While the name would suggest it dwells in the mountains, mountain mint doesn’t. Grown in prairies or along roads, this 2-3′ tall plant has needle-like leaves. When crushed, the leaves give off a minty aroma. White clusters of flowers bloom in mid to late summer. Does well in zones 4-8.

Phlomis fruticosa, ‘Jerusalem Sage’

Phlomis fruticosa
Phlomis fruticosa. Source: basswulf

Jerusalem sage isn’t a true sage, but its leaves look like sage! Through the summer, round clusters of bright yellow flowers emerge from the stems. This mounding perennial can reach 4′ tall, and remains evergreen in zones 8-10.

Salvia guaranitica, ‘Anise-Scented Sage’

Salvia guaranitica
Salvia guaranitica. Source: peganum

As an annual, anise-scented sage grows to about 3′ tall. Grown as a perennial, it can reach 5′, sometimes even larger. It produces vivid, dark blue tubular flowers from midsummer into the autumn. The foliage is dark green. Alas, it isn’t very anise-scented when bruised. But it’s beautiful, and grows in zones 8-10.

Agave ovatifolia, ‘Whale’s Tongue Agave’

Agave ovatifolia
Agave ovatifolia. Source: scott.zona

When people think of succulents, they think of plants that are anywhere from a couple inches to a foot. Whale’s tongue agave is far bigger than that. These can hit 4′ tall and about 6′ across, and their flower spike can tower to 15′! This powerful accent plant can be grown in zones 7-11.

Tall (5+ feet tall)

From small palm trees to large coneflowers, there’s some tall choices available. You can go vertical along your fenceline with ease!

Rudbeckia maxima, ‘Large Coneflower’

Rudbeckia maxima
Rudbeckia maxima. Source: nelag

Paddle shaped leaves up to 24″ in length, a flower stalk that can reach seven feet… and it flowers, too! The large coneflower produces huge yellow flowers with a dark brown central cone. A flashy centerpiece for your xeriscape garden, it’ll grow in zones 4-9.

Coreopsis tripteris, ‘Tickseed’

Coreopsis tripteris
Coreopsis tripteris. Source: HorsePunchKid

Another prairie plant, the tall tickseed can range between 4-8′ in height. Its yellow, daisy-like flowers bloom from mid-summer well into the fall. In moist soils, it tends to sprawl, but in drier soils will fare well. It could use some support in windy regions. Ideal in zones 3-8.

Romneya coulteri, ‘California Tree Poppy’

Romneya coulteri
Romneya coulteri. Source: Kerry D Woods

The California Tree Poppy is a true California native. Growing nearly eight feet in height, it can spread via rhizomes over huge areas. It’s been rumored that they’ll grow under your house and come out on the other side! These plants produce open, airy and large white flowers. They lose their leaves in the summer and fall, but come back again in the spring. Best in zones 6-10.

Dioon edule, ‘Virgin’s Palm’

Dioon edule
Dioon edule. Source: Tom Mushroom

Want something that looks like it belongs in a tropical paradise? The Virgin’s Palm meets your criteria perfectly. This slow-growing cycad can reach 8′ tall in time. It likes full sun or partial shade, and makes for a wonderful accent plant. Subtropical, it prefers zones 9-11.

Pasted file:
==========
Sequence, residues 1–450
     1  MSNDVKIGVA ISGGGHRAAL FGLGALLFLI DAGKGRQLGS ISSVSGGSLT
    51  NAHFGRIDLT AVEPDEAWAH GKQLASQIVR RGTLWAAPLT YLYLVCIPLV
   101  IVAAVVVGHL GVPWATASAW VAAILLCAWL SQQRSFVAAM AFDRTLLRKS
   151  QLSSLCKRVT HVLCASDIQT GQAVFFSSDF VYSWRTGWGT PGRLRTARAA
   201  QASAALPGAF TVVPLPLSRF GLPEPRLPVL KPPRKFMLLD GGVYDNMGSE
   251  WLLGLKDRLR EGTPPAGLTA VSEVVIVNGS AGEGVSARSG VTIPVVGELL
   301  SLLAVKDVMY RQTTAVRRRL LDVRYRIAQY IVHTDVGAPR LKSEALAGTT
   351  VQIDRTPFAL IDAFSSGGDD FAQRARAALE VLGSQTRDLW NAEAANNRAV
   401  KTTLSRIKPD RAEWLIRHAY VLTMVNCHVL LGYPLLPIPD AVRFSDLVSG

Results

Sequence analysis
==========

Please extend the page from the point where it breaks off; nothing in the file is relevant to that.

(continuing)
Very Tall (Over 10 feet tall)

Staggeringly tall, the yucca is a mainstay of the desert. And while you don’t have to have red rocks and cacti everywhere, you can still use these immense plants. Here’s a couple examples for you to check out!

Yucca rostrata, ‘Beaked Yucca’

Yucca rostrata
Yucca aloifolia. Source: Futureman1

The beaked yucca looks like a fuzzy tree from a distance. Up close, you can see its round, spiky top holds thousands of 2′ long slender leaves. The fuzzy-looking trunk is actually covered with older leaves that have collapsed downward. If you want an unusual “tree” that looks like it came straight out of wonderland, choose this! It can be grown in zones 5-11.

Yucca aloifolia, ‘Spanish Dagger’

Yucca aloifolia
Yucca aloifolia. Source: gertjanvannoord

Reaching up to 12-15′ in height, Spanish dagger is aptly named. Two-foot leaf spikes with sharp serrations along them clamber up its trunk. Settlers used to make rope from the leaf fibers. Its flowers form in clusters that can reach 2′ in length, and they are reputed to be edible. Birds love the fruit that forms from the spent blooms. Grows in zones 8-10.


Now, this is just the beginning. There’s hundreds of other xeriscape plants that exist out there. I’ve only provided a small sampling of the diversity that exists. These plants can all survive in low to no water conditions. They range from weedy to shrubs, leafy to treelike, and everything between. There’s tons of flower potential to dazzle the senses, too.

So don’t poo-poo the water conservation gardens! With a little preparation, you too can have the lush landscape you’ve been dreaming of… all while dropping the water bill.


The Green Thumbs Behind This Article:

Lorin Nielsen
Lifetime Gardener